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Resources tagged with Generalising similar to Matching Fractions:

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Other tags that relate to Matching Fractions
Generalising. Fractions. Continued fractions. Games. Calculating with fractions.

There are 146 results

Broad Topics > Using, Applying and Reasoning about Mathematics > Generalising

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All Tangled Up

Stage: 3 Challenge Level: Challenge Level:3 Challenge Level:3 Challenge Level:3

Can you tangle yourself up and reach any fraction?

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More Twisting and Turning

Stage: 3 Challenge Level: Challenge Level:2 Challenge Level:2

It would be nice to have a strategy for disentangling any tangled ropes...

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Keep it Simple

Stage: 3 Challenge Level: Challenge Level:1

Can all unit fractions be written as the sum of two unit fractions?

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Harmonic Triangle

Stage: 3 Challenge Level: Challenge Level:3 Challenge Level:3 Challenge Level:3

Can you see how to build a harmonic triangle? Can you work out the next two rows?

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Sum Equals Product

Stage: 3 Challenge Level: Challenge Level:2 Challenge Level:2

The sum of the numbers 4 and 1 [1/3] is the same as the product of 4 and 1 [1/3]; that is to say 4 + 1 [1/3] = 4 1 [1/3]. What other numbers have the sum equal to the product and can this be so for. . . .

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Snake Coils

Stage: 2 Challenge Level: Challenge Level:1

This challenge asks you to imagine a snake coiling on itself.

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Egyptian Fractions

Stage: 3 Challenge Level: Challenge Level:2 Challenge Level:2

The Egyptians expressed all fractions as the sum of different unit fractions. Here is a chance to explore how they could have written different fractions.

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Picturing Triangle Numbers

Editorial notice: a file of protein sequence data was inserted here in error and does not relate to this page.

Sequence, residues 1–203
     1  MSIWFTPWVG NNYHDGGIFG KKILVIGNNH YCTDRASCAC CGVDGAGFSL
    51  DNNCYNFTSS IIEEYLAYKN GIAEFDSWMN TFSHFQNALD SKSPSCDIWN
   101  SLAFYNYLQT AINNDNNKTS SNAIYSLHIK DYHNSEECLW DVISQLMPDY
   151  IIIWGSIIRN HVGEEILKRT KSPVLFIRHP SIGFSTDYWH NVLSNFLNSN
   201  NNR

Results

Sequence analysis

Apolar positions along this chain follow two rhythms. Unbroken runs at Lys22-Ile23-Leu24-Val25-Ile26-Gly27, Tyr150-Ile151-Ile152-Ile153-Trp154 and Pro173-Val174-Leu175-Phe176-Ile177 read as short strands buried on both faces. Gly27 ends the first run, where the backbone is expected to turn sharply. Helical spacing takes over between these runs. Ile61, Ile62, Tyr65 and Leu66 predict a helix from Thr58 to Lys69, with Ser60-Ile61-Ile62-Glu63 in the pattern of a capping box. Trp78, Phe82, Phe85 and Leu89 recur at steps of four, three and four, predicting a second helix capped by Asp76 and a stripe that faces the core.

Stage: 3 Challenge Level: Challenge Level:1

Triangle numbers can be represented by a triangular array of squares. What do you notice about the sum of identical triangle numbers?

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Games Related to Nim

Stage: 1, 2, 3 and 4

This article for teachers describes several games, found on the site, all of which have a related structure that can be used to develop the skills of strategic planning.

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Special Sums and Products

Stage: 3 Challenge Level: Challenge Level:3 Challenge Level:3 Challenge Level:3

Find some examples of pairs of numbers such that their sum is a factor of their product. eg. 4 + 12 = 16 and 4 × 12 = 48 and 16 is a factor of 48.

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Partitioning Revisited

Stage: 3 Challenge Level: Challenge Level:1

We can show that (x + 1)² = x² + 2x + 1 by considering the area of an (x + 1) by (x + 1) square. Show in a similar way that (x + 2)² = x² + 4x + 4

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Maths Trails

Stage: 2 and 3

The NRICH team are always looking for new ways to engage teachers and pupils in problem solving. Here we explain the thinking behind maths trails.

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More Magic Potting Sheds

Stage: 3 Challenge Level: Challenge Level:3 Challenge Level:3 Challenge Level:3

The number of plants in Mr McGregor's magic potting shed increases overnight. He'd like to put the same number of plants in each of his gardens, planting one garden each day. How can he do it?

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Fault-free Rectangles

Stage: 2 Challenge Level: Challenge Level:3 Challenge Level:3 Challenge Level:3

Find out what a "fault-free" rectangle is and try to make some of your own.

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Nim-7

Stage: 1, 2 and 3 Challenge Level: Challenge Level:1

Can you work out how to win this game of Nim? Does it matter if you go first or second?

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Pentanim

Stage: 2, 3 and 4 Challenge Level: Challenge Level:2 Challenge Level:2